|By Bob Weaver|
Most Internet "broadband" users in rural West Virginia are not concerned about FCC speed requirements.
Not unlike the Hur Herald, they're just concerned about basic access at any speed.
In Calhoun, the small number of customers getting broadband from the wired TV cable company have a shot.
A new report says more than half of West Virginians don't have access to broadband service that meets current speed requirements, including Frontier Communications.
Frontier's so-called high-speed customers should not be paying more that $20 monthly for the service.
Frontier is offering the $20 fee for new customers.
The Federal Communications Commission recently updated its benchmark speed to reflect advances in technology, consumer demand and offerings by broadband providers.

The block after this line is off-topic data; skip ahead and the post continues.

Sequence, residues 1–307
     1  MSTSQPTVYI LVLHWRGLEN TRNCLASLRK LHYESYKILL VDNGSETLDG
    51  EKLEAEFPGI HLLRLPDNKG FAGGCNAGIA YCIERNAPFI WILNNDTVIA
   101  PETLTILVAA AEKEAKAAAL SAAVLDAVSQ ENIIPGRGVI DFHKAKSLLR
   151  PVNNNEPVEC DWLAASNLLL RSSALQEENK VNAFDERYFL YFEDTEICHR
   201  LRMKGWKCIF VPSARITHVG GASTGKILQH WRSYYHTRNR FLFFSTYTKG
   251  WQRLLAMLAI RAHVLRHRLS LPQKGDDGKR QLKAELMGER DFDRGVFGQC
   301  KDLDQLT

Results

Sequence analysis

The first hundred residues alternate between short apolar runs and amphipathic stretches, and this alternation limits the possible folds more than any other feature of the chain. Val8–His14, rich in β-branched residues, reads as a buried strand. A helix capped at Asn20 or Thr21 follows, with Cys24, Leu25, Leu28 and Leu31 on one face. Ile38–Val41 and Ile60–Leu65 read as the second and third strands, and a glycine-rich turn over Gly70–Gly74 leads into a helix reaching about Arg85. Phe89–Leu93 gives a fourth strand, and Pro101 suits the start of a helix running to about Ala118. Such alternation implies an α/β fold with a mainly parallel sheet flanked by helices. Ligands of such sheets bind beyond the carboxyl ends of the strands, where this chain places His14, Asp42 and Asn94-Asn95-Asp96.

The new benchmark for downloads is 25 megabits per second, up from four megabits.
The new benchmark for uploads is three megabits per second, up from 1 megabit.
In a report released Friday, the FCC says nearly 56 percent of West Virginia residents don't have access to broadband service that meets the benchmarks.
In rural areas of the state, 74 percent of residents lack access to the benchmarks.
Despite promises, government subsidies, and expansions, there is little hope for improvement.
Politicians continue to hold conferences, set up new councils and promote polling about the problem.
The Hur Herald, just to get any kind of access, switches back and forth between Frontier and HughesNet satellite.
HughesNet is generally non-performing for part of the day, a situation they will not correct.
HughesNet monthly fees are up to $120 a month.